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Homintern was an early term for a supposed conspiracy of gay elites who allegedly controlled the art world. The word is a play on Comintern (short name of the Communist International) and was used because it was believed that such homosexuals, being regarded as enemies of traditional values, were active Communists as well. What was termed the "homintern" in the mid-twentieth century is now more often described as a "Gay Mafia".


"Homintern" was used in the 1950s and appeared in number of popular mass-circulation magazine articles during the 1960s to refer to what was believed by many to be an international cabal of influential gays who, it was asserted, controlled the arts and culture.[1] These magazine articles were often illustrated with the color lavender; sometimes the Homintern was called the lavender conspiracy. It was claimed that there was a secret worldwide network of gay art gallery owners, ballet directors, movie producers, record label executives, and photographers who, behind the scenes, determined who would become successful artists, dancers, actors, and models.[citation needed]

The term "Homintern" was used in articles even in liberal magazines such as Ramparts.[2] It was frequently used in the conservative magazine National Review.[citation needed] William F. Buckley, Jr. sometimes warned of the machinations of the Homintern on his TV talk show Firing Line. It was believed by conservatives that the Homintern deliberately manipulated the culture to encourage homosexuality by promoting camp programs like the popular 1960s TV series Batman.[citation needed]

After the emergence of gay liberation in 1969, belief in the Homintern faded because after the Stonewall riots, many gay people came out of the closet so it was more difficult to postulate this conspiracy theory.[citation needed]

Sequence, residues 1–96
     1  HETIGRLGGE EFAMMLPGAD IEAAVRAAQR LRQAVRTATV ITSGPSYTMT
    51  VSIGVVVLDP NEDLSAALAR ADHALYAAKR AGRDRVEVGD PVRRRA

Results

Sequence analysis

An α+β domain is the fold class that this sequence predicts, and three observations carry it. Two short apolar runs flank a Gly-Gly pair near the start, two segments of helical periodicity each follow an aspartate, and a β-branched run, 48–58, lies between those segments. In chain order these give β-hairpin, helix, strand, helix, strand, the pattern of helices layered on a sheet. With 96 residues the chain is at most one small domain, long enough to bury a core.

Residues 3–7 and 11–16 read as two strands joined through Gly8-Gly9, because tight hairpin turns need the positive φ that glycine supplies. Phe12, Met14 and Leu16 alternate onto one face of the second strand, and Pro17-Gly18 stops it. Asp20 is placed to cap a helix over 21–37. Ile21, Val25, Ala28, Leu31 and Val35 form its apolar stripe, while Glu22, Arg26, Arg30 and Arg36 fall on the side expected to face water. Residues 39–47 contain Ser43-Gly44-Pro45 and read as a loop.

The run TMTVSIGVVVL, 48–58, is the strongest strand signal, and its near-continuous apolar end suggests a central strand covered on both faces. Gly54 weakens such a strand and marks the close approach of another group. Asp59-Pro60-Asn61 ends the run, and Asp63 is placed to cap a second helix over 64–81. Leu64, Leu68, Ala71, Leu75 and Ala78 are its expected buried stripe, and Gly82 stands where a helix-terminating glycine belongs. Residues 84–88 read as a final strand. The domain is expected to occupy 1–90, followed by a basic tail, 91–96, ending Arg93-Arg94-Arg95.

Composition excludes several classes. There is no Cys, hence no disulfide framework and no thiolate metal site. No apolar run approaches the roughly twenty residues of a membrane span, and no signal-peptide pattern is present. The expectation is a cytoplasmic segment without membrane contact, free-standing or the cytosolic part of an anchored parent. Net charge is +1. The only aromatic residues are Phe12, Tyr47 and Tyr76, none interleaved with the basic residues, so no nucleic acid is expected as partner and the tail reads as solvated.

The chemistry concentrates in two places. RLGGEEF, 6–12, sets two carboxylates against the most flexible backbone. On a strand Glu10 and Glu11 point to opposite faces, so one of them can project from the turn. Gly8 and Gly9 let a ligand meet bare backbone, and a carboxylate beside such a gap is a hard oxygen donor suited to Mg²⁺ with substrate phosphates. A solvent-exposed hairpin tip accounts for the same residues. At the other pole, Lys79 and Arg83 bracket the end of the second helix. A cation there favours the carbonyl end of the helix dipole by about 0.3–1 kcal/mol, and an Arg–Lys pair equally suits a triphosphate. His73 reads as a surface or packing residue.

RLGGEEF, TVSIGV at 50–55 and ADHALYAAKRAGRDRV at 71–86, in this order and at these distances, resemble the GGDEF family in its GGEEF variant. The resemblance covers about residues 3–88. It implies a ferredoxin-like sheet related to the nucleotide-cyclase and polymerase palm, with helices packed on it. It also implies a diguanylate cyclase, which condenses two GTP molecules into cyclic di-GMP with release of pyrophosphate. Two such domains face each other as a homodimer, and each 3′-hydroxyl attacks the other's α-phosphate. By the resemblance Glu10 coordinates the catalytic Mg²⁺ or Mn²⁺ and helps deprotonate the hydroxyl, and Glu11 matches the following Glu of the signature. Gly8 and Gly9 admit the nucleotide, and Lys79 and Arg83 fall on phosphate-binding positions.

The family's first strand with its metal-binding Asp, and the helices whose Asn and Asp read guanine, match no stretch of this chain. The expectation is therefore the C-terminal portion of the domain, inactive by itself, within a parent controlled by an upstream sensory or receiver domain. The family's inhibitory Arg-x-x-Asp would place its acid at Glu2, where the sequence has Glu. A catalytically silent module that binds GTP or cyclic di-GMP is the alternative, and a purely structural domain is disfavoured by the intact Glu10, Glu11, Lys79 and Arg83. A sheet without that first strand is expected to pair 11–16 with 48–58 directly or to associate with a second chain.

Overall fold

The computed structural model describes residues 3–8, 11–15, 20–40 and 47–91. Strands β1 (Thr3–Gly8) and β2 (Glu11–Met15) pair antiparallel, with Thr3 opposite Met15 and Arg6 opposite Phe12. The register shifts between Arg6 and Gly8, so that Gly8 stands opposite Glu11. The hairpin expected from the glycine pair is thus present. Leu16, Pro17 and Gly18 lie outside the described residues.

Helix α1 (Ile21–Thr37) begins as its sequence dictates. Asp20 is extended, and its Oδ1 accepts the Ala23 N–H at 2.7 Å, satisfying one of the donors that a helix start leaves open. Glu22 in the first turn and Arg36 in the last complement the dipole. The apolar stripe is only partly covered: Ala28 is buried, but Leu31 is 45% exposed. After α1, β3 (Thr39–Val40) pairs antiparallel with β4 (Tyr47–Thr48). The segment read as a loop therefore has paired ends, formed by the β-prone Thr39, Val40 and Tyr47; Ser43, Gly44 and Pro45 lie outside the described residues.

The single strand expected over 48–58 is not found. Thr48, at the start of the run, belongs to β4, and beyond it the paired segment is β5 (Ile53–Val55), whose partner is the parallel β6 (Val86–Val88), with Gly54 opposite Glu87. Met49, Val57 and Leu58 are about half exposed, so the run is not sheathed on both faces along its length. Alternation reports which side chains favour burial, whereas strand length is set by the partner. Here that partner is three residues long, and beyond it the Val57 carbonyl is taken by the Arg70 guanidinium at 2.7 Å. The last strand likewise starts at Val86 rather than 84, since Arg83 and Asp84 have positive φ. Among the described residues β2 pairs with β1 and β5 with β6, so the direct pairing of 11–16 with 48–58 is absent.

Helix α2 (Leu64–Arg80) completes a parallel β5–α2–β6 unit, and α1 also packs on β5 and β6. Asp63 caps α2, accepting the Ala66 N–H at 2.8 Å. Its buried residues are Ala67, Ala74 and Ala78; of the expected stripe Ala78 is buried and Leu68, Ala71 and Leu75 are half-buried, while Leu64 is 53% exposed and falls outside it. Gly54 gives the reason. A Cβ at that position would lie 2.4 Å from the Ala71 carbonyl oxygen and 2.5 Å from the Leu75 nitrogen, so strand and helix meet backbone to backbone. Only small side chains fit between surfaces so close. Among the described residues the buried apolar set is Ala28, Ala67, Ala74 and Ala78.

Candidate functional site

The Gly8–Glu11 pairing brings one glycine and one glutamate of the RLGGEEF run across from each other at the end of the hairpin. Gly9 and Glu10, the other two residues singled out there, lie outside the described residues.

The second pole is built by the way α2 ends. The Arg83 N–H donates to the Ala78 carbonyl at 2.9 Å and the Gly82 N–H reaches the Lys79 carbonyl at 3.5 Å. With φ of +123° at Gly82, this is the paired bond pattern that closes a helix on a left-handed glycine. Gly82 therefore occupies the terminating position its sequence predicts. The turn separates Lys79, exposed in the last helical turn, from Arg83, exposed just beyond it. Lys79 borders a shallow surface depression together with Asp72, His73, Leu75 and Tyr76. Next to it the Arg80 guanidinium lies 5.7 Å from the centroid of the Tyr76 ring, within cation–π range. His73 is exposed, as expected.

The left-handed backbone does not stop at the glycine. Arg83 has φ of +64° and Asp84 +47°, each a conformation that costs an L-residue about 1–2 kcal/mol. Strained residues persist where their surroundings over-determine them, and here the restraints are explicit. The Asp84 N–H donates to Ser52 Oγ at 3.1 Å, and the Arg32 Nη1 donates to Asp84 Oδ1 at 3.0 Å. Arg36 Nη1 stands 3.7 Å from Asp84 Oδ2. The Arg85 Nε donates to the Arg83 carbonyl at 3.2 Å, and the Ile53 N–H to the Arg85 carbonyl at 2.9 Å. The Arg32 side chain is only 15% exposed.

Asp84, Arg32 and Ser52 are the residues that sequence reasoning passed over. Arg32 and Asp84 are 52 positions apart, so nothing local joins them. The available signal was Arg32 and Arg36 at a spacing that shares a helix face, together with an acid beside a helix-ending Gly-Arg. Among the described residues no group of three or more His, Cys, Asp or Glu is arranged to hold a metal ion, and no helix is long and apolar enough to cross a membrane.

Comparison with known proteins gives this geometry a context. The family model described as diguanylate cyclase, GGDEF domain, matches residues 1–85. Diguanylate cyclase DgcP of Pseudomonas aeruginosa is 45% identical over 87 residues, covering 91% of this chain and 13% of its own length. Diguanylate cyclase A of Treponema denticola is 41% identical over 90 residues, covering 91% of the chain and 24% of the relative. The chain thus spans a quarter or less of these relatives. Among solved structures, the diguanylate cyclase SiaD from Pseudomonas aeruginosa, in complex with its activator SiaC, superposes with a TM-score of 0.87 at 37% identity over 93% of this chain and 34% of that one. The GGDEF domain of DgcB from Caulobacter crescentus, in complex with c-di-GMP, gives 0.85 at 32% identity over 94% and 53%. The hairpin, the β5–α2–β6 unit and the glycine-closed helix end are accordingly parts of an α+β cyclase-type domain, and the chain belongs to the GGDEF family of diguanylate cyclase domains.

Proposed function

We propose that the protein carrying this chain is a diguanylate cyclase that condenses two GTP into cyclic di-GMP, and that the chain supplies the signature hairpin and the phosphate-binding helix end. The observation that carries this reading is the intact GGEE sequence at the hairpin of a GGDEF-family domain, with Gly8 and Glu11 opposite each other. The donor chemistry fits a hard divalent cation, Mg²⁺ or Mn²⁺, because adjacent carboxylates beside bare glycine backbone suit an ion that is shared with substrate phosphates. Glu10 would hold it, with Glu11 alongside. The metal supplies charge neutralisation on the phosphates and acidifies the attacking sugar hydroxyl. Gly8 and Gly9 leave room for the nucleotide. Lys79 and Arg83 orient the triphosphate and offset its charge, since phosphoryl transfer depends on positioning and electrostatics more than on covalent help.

"The word 'Homintern', which I coined in 1939, is attributed to Auden, who used it in an article in the Parisian Review about 1941, and has passed into the language. A takeoff on Comintern (Communist International), it was meant to convey the idea of a global homosexual community." –Harold Norse (1989; correction: Audens first articles in Parisian Review is from 1950)[3]
"A Playboy of the Western World: St. Oscar, the Homintern Martyr" - Title of the review from W. H. Auden in Partisan Review, V. 17, No. 4, Apr. 1950 over the work The paradox of Oscar Wilde by George Woodcock; the breakthrough of the term
"Anthony Powell suggested that his friend Jocelyn Brooke invented the term that Harold Nurse tells us Auden stole from him. Whoever invented it provided us with a splendid word to explain the social and cultural power of homosexuality." –Patrick Higgins (1993)[4]
[about 1934] "The new literary fashion then in the ascendant dominated by what Jocelyn Brooke (himself homosexual, but detached from 'committed' writing) used to call The Homintern, was unsympathetic to me; at the same time the fourth novel on which I was now at work - to have the title Agents and Patients - did not entirely satisfy my own standards in breaking fresh ground."- Anthony Powell (1981)[5]

Period quotations[edit]

”All the ‘artists’ with a capital A, the parlor pinks, and the soprano voiced men are banded together…I am afraid they are a sabotage front for Uncle Joe Stalin." --Harry S Truman 1946 [6]
"homosexuality, dope…immorality in general: these are the enemies of strong societies. That’s why the Communists and left-wingers are pushing it." –Richard M. Nixon 1971 Watergate tapes[6]


  1. ^ Michael S. Sherr (25 November 2007). "Gay Artists in Modern American Culture: An Imagined Conspiracy". The San Francisco Chronicle. Retrieved 2008-01-23. 
  2. ^ There was an article in Ramparts in 1966 by journalist Gene Marine about the Homintern.
  3. ^ Harold Norse: Memoirs of a bastard angel, W. Morrow, 1989, ISBN 9780688067045, p. 77
  4. ^ 'A Queer Reader' p.315, ed. Patrick Higgins, Fourth Estate (UK), 1993
  5. ^ Anthony Powell: Faces in my time (Tom 3 of To keep the ball rolling, Memoirs of Anthony Powell), Holt, Rinehart and Winston 1981, ISBN 9780030210013, no page
    Anthony Powell: To Keep the Ball Rolling: The Memoirs of Anthony Powell (new edition, shortened) University of Chicago Press, 2001, ISBN 9780226677217, p. 221
  6. ^ a b San Francisco Chronicle book review Sunday, 25 November 2007--Gay Artists in Modern American Culture: An Imagined Conspiracyby Michael S. Sherry:

Further reading[edit]

  • Sherry, Michael S. (2007). Gay Artists in Modern American Culture: An Imagined Conspiracy. Chapel Hill: University of North Carolina Press. ISBN 0-8078-3121-2. 
  • Woods, Gregory (May 2003). "The 'Conspiracy' of the 'Homintern'". The Gay & Lesbian Review Worldwide 10 (3). Retrieved 2009-03-28. [dead link]
  • Engel, Randy, The Rite of Sodomy: Homosexuality and the Roman Catholic Church, New Engel Publishing, Export-PA, 2006 ISBN 0-9778601-3-2

External links[edit]